Guest blog: Think twice before getting a rewards credit card with an annual fee

When it comes to credit cards with annual fees, there are two mindsets: shocked and appalled at the idea of paying for a credit card on one side, and certain of the value such credit cards provide on the other.

That latter group has grown significantly in recent years, especially after the hysteria around the Chase Sapphire Reserve’s release. It’s not often that people are excited to get a credit card with a $450 annual fee.

The allure of travel rewards cards (and the jetsetter lifestyle) is understandable. But for the average consumer, a rewards card with an annual fee is an unnecessary expense.

Calculating your return on a credit card

One popular way to decide if a credit card is worth the annual fee involves comparing that fee to the projected return. Let’s say that, based on your average expenses, you see yourself earning 50,000 points per year on a card with a $95 annual fee. At a minimum, those points are worth $500 cashback, and you come out $405 ahead.

The problem is that it’s not just a matter of how much you could make with the rewards card. You must also consider if you can make the same return or more on a cash-back card with no annual fee.

Here are the factors to look at when deciding whether a rewards or cash-back card will provide the best value:

The real redemption value of your points

The argument for rewards cards is that you can do more with your points. When you have a cash-back card, you’re stuck at whatever percentage it earns you. With a rewards card, the only limit is the deals you find.

I often see travel bloggers score 3, 5 or even over 10 cents per point when it comes to redemption value, blowing any cash-back card out of the water. The more luxurious the travel you’re booking, the farther your points will go.

If you want to book a first-class international ticket to Europe, your points/miles could score you an excellent deal, like a $10,000 ticket for 100,000 or fewer miles.

What if you’re not after those luxurious trips, though? Then what you could get for your points means nothing; what’s important is what you will get for them. If you’re traveling domestic routes in economy class, the standard rate for an award ticket is 25,000 miles plus possible fees. Those same tickets tend to cost about $250 to $300 when you pay cash. You’re getting around 1 cent per point, or perhaps slightly more for select flights.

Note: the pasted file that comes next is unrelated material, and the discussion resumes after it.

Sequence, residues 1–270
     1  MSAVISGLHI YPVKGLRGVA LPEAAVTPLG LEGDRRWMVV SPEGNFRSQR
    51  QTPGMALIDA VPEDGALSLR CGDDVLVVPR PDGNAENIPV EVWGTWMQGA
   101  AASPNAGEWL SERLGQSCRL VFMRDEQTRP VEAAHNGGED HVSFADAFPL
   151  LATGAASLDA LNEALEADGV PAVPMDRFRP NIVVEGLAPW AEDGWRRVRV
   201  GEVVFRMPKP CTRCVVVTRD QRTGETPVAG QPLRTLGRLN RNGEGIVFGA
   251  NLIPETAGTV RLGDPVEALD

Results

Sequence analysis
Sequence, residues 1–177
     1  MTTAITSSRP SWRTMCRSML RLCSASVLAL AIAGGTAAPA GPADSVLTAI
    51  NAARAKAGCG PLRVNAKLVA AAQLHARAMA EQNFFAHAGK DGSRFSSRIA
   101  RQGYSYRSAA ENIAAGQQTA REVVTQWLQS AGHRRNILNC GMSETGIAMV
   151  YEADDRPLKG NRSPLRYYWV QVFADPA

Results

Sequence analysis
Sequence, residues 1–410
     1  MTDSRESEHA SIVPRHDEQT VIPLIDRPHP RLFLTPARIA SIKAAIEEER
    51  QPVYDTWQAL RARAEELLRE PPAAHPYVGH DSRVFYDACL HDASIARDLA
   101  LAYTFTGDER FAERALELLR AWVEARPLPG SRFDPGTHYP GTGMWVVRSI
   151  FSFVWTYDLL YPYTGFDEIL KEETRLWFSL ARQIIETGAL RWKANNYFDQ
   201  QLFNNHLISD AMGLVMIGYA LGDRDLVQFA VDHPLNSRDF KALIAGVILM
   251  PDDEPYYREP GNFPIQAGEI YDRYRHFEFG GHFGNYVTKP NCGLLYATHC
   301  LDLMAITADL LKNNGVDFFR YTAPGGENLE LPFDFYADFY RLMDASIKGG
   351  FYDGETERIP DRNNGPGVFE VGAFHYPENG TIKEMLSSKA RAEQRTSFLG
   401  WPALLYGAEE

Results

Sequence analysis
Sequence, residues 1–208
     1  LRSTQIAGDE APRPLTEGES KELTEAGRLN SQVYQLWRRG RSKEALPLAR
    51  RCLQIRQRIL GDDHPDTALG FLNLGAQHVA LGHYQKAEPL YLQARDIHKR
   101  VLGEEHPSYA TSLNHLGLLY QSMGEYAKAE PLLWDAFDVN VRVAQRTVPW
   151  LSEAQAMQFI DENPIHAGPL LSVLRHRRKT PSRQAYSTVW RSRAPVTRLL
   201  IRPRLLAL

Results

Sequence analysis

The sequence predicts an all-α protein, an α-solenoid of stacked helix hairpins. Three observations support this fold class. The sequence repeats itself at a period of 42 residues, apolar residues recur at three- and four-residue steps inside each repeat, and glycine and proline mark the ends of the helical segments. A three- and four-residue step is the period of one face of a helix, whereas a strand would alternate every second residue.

Here’s an example with United Airlines – I shopped for the same route (LAX to the New York area) in cash and miles.

This pricing was average compared to flights on other dates.

With the fees, you barely get more than 1 cent per point even on that 12.5k Saver Award Ticket.

Will you earn more points than cash back?

One of the selling points of reward cards is the spending categories where you earn bonus points. For example, Chase offers 3x points on travel with two of its most popular cards, the Sapphire Reserve and the Ink Business Preferred.

Even though these are good offers, there are also cash-back cards that earn more than the standard 1 percent return. Here are a few notable examples:

  • Citi Double Cash: 1 percent cash back on purchases and another 1 percent for payments on purchases, effectively earning 2 percent cash back on all your spending
  • Chase Ink Business Cash: 5 percent cash back on spending at office supply stores and on cable, internet and phone services; 2 percent cashback on spending at gas stations and restaurants
  • American Express Blue Cash Everyday: 3 percent cash back at U.S. supermarkets (on up to $6,000 per year in purchases, then 1%), 2 percent cash back at U.S. gas stations and department stores. American Express is a CreditCardForum advertising partner.

Maximizing your value on credit cards

None of this is to suggest that you should avoid annual-fee rewards cards entirely (you’d need to pry my Sapphire Reserve from my cold, dead hands). Just make sure to review how much value a card offers you before you apply and each time the annual fee is due.

If you’re booking multiple domestic trips or at least one international trip every year, you’ll likely get the most out of a travel rewards card. For everyone else, it’s a better idea to get multiple cashback cards with no annual fee and bonus earnings across a diverse range of spending categories. You’ll earn a consistent return on all your spending, and you won’t spend hours searching for the top rewards-travel deals.

Author bio

Lyle Daly is a personal finance writer focusing on credit cards, money management and rewards programs. His other interests include creative writing, martial arts and shooting. Lyle is based in Los Angeles with his cat, Max Action Daly.

 
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